The study team found that chemotherapy does change what is seen on the MRI scan as well as the proteins and cells (biomarkers
) in the blood.
About this study
20 people whose bowel cancer had spread to their liver joined this study. They were treated with the chemotherapy drugs oxaliplatin with 5FU or capecitabine.
They had DWI MRI scans and DCE MRI scans of their liver before starting chemotherapy treatment and during treatment. The study team used the scans to look at the:
- structure of blood vessels surrounding the cancer
- total size (volume) of cancer in the liver
- numbers of cells in the cancer (cell density)
In the blood samples they looked at proteins (biomarkers) that would tell them:
- if new blood vessels were growing
- how many cells had undergone programmed death (apoptosis )
They also looked at the number of cancer cells that were in the blood. These are called circulating tumour cells (CTCs).
Size (volume) of cancer
On day 2 of cycle 2 of treatment
the size of the cancer had decreased for most of the people. And continued to decrease throughout treatment.
When looking at the blood vessels the team looked at a measurement called Ktrans.
The day after the 1st chemotherapy treatment the scan showed that the Ktrans of:
- 5 people was considerably higher than before treatment
- 5 people was considerably lower than before treatment
- 10 people it didn’t change much
For everyone their Ktrans was higher on the day after their 2nd chemotherapy treatment (day 2 of cycle 2). And it remained high for everyone until the end of treatment (cycle 6).
The change in Ktrans was linked with the overall length of time people lived after treatment (overall survival).
The average overall survival was 10.1 months for those whose Ktrans was higher on day 2 of cycle 2 than before treatment. For those whose Ktrans had stayed the same their average overall survival was 22.1 months.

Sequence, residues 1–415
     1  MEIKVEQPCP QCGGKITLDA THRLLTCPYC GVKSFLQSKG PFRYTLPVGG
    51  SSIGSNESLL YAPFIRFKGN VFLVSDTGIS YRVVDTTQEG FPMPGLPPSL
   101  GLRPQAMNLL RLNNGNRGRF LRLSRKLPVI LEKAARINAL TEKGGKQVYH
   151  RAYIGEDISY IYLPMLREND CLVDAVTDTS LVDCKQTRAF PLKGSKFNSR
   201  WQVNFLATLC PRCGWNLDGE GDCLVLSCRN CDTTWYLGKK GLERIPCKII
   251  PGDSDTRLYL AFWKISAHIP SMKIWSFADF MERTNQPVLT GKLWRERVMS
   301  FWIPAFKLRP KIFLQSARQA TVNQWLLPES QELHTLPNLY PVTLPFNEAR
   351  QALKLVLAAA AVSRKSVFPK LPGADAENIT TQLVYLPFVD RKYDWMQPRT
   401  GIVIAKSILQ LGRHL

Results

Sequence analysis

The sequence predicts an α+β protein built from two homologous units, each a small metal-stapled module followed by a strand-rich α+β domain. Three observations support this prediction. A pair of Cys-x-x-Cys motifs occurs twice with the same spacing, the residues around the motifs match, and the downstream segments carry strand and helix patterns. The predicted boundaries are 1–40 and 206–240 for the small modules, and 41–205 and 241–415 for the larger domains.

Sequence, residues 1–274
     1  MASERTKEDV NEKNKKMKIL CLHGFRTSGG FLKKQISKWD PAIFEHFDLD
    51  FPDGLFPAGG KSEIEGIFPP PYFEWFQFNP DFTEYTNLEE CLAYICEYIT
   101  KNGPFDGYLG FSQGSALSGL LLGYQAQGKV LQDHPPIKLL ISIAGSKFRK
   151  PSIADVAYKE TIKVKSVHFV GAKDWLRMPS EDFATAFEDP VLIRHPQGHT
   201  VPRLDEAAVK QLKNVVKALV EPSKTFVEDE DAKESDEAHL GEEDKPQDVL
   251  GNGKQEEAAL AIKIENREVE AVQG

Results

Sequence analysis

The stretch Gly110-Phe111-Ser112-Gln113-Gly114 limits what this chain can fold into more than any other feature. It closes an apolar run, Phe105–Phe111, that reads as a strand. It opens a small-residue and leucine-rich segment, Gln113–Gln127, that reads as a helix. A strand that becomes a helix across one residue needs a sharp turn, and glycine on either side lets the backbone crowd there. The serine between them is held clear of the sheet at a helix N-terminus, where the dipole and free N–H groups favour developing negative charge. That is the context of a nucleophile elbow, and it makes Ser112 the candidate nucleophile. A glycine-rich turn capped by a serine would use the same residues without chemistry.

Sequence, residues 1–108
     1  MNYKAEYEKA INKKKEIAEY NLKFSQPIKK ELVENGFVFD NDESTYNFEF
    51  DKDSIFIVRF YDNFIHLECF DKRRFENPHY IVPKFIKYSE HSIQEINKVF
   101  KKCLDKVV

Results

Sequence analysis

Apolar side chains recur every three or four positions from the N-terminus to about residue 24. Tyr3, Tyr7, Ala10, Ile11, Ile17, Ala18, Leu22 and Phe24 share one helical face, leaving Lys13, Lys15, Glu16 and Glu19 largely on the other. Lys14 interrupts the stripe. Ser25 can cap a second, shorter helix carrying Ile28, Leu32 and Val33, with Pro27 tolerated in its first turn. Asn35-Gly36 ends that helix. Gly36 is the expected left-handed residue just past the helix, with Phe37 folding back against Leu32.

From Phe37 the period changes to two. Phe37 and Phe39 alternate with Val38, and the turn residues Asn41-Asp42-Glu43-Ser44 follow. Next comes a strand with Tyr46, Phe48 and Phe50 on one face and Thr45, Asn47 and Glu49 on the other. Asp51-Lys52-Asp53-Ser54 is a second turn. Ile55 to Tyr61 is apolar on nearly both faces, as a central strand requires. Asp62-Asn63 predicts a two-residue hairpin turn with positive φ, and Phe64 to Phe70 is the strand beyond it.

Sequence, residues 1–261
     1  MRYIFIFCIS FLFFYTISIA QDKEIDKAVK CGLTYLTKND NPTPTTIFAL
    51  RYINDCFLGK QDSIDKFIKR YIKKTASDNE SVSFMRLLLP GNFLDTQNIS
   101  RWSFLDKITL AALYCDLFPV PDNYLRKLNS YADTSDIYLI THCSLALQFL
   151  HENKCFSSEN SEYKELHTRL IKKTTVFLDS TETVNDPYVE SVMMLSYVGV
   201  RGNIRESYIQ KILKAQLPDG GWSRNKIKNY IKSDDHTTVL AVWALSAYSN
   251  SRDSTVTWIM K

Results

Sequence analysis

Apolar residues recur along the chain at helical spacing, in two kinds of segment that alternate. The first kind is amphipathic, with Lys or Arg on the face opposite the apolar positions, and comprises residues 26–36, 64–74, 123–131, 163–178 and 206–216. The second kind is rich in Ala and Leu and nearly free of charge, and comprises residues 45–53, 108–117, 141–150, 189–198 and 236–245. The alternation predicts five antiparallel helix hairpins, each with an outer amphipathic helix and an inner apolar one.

Circulating tumour cells (CTCs)
The team found CTCs in all 20 people before treatment. The average number was 5.5 CTCs in 7.5mls of blood.
3 or more CTCs in 7.5mls of blood was considered to be high. 11 people were in this group.
The larger the size of the cancer the higher the number of CTCs in the blood before treatment.
After the 1st cycle of treatment the number of CTCs in the blood increased. This was linked to the increase in Ktrans.
Growth of new blood vessels
The team looked at several substances in the blood that showed if the cancer was growing new blood vessels.
They found that during chemotherapy the level of several substances that helped grow new blood vessels decreased. As the size of the cancer reduced so did the level of these substances. This suggests that chemotherapy does help reduce the number of new blood vessels the cancer can grow.
Programmed cell death (apoptosis)
The team used the distribution of water in the cancer (ADC) to look at programmed cell death.
They found that the average overall survival was lower for people whose cancer had an increase in the ADC on the 2nd day of cycle 2.
But because of the small numbers in the study they said it didn’t reach statistical significance
The team suggested the increase in ADC might be a useful marker of whether treatment is working. But a larger study needs to be done to find this out.
The team concluded that changes caused by chemotherapy to the cancer does show up on the DCE MRI scan and DWI MRI scan. And that changes in the blood samples can be seen as well.
The link between an increase in the Ktrans on day 2 of cycle 2 and a shorter overall survival might be useful as a biomarker to show if treatment is working.
The findings in this study should be considered when looking at the results of biomarker studies of new anti-cancer treatments.
Where this information comes from
We have based this summary on information from the research team. The information they sent us has been reviewed by independent specialists (peer reviewed
) but may not have been published in a medical journal. The figures we quote above were provided by the research team. We have not analysed the data ourselves.